Hello! It’s been a long, long time since I’ve checked in. So much to catch up on! But first, in this post, I’m paying my respects to a bee I met in my yard yesterday.
As readers who’ve been with me a while may recall, I live in a rural mountain community. The expanse of grass here is usually loaded with clover flowers, unless it’s been freshly mowed. Dauntless, these little blooms appear again immediately … and are typically very popular with bees. One must be very mindful walking in the yard with bare or sandaled feet! I once scooped a bee up into my sandal (back in college, running across campus) – incurred a terrible reaction and actually needed to hobble with crutches for a few days. All to say I’m acutely aware of the preponderance of bees bustling about at very low altitude here. No “chem lawns” or toxic pesticides used, at least in my immediate vicinity. Lots of busy bees.
Plenty of wildlife also passes through during any given day or night. It’s been a hot summer; I feel for the critters in constant search of food in this heat, and thought it would be nice to provide them with drinking water. A shallow plastic bin (the under-bed storage kind) I spotted at the local free-cycle building seemed to fit the bill. Brought it home, filled it with water, and created a mini oasis back near the woods for foragers (deer, mostly, but also the smaller guys). The cats like visiting “the trough” too.
Yesterday I went out to check the water for leaves and other debris, and discovered a little bee floating in there. Earlier this summer I found a drowned bee in the cats’ outside water bowl. Sad; such a small area of water to drown in! Now here was another one. I scooped it out with my hand, placed it on the grass, and saw that it was still alive! I observed as it sort of struggled for a bit…
… then a curious thing happened. That bee turned around to look right at me looking at it – and it started wildly waving its left front leg at me! There we were, face to face, and I felt I was being fiercely reprimanded by one very upset bee!
I left it alone for a few minutes… went back to check… it appeared to be grooming itself much as a dog or cat does.
Left again… went back… and found it lying on its back on the ground between blades of grass. I gave it a little nudge onto its side… it was still alive, but not lively.
Again I left, and again went back out… this time to find it had crawled under a small, dry, curled-up leaf. I left it alone (as it clearly wanted) for the evening.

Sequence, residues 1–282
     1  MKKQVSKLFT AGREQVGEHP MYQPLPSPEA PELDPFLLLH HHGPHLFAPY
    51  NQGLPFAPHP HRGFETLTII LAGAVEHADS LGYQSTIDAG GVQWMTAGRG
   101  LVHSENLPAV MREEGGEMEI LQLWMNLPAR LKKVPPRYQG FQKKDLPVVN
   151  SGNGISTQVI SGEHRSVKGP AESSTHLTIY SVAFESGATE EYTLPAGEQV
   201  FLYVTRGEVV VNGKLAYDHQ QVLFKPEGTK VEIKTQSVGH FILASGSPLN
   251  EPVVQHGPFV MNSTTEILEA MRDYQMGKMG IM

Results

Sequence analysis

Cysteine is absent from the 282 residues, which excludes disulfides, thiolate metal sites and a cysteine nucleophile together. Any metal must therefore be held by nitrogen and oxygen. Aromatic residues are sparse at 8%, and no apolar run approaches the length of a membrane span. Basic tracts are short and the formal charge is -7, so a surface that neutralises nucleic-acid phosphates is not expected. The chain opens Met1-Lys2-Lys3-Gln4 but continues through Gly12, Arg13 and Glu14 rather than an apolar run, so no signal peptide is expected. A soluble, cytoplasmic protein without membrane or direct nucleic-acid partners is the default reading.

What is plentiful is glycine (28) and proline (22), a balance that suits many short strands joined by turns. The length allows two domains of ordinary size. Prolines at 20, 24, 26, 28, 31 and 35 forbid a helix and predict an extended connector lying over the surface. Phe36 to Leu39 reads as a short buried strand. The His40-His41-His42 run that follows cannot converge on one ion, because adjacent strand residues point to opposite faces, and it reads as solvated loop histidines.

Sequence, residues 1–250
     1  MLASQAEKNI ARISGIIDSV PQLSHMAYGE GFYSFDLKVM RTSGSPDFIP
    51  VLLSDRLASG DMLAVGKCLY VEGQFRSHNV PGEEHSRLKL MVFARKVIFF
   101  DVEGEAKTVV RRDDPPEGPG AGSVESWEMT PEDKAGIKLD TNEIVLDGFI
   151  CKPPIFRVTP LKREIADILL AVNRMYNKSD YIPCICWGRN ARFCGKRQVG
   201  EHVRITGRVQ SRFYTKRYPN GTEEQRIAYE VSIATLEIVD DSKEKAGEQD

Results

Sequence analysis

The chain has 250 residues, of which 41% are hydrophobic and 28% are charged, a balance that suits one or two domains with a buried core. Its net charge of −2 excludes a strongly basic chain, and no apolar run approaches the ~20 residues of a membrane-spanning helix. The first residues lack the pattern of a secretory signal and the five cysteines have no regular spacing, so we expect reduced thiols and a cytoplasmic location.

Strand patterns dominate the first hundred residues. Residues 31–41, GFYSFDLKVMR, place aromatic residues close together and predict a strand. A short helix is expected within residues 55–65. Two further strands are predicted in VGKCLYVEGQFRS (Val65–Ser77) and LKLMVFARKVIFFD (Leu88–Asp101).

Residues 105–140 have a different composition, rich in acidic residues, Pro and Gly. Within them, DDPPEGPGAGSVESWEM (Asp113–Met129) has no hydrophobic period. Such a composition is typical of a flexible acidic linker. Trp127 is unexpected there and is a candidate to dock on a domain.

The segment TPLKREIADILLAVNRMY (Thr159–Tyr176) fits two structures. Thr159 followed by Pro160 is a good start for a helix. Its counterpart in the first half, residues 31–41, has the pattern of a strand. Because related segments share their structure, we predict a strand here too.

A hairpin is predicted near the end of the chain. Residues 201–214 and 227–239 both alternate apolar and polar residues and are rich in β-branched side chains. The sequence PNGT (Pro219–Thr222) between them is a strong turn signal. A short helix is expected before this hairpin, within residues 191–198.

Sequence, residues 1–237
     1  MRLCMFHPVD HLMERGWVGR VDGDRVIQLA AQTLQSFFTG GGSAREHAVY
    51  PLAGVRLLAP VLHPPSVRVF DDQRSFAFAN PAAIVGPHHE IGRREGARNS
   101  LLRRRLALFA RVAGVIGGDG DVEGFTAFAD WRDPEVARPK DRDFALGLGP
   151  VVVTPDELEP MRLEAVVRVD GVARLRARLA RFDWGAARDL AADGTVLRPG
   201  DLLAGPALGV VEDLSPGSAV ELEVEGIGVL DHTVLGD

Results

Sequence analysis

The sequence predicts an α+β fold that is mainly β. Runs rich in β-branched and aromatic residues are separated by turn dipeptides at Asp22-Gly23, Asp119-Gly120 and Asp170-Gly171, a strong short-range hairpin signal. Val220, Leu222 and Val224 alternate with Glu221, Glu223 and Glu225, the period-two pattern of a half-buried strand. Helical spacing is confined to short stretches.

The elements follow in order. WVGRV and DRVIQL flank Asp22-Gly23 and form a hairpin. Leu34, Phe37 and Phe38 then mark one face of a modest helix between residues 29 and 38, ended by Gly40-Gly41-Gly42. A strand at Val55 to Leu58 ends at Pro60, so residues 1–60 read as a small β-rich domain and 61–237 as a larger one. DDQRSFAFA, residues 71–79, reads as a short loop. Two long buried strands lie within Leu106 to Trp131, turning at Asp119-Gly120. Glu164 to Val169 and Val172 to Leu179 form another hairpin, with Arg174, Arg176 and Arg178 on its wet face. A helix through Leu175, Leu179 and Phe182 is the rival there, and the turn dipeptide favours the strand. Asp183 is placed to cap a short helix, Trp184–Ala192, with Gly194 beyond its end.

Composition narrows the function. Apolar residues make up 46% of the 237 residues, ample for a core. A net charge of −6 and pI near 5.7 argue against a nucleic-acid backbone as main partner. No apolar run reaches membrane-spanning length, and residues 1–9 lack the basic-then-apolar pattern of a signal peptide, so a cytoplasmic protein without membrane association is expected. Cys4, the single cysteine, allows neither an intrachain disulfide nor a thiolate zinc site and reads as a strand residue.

This morning I checked again: dead.
I wondered – did that bee deliberately dive into the water on a suicide mission? Rather than rescuing it, had I interfered with its instinctive end-of-life process? Did I cause it to suffer more than it would have if I hadn’t come along and butt in?
It was an interesting encounter. I’ve never had a “face to face” with a bee before, let alone a bee vigorously “shaking its fist” at me as this one seemed to have done.
Apparently bees DO kill themselves (I actually searched “do bees commit suicide?” – and found many hits about it), ie, in cases where the bee would spare the hive by not bringing an illness or something toxic back to their community. Perhaps they also go off alone to die in solitude, as do many animals.
Bees are quite noble little beeings. I find my thoughts returning to this little one today.
Just wanted to share this touching (to me) experience. I’m quite aware of the many creatures great and small around me, and really do endeavor to live and let live. I escort insects – and the occasional lizard that a cat proudly but carefully brings home to show – outside to resume their outdoor lives. I try to be a gentle steward of the land and its residents.
The worms that have moved in on my kale and chard raised-bed garden though? – sorry. They’re getting plucked. Why must they go after my veggies when the country is loaded with other greenery??
Sad sigh. Unpleasant task.
I have numerous things I’d like to write about and hopefully will be getting back into the swing here. Meanwhile, my sincere apologies to the life essence of that bee, if I did in fact interfere inappropriately in its business with misguided human heroism.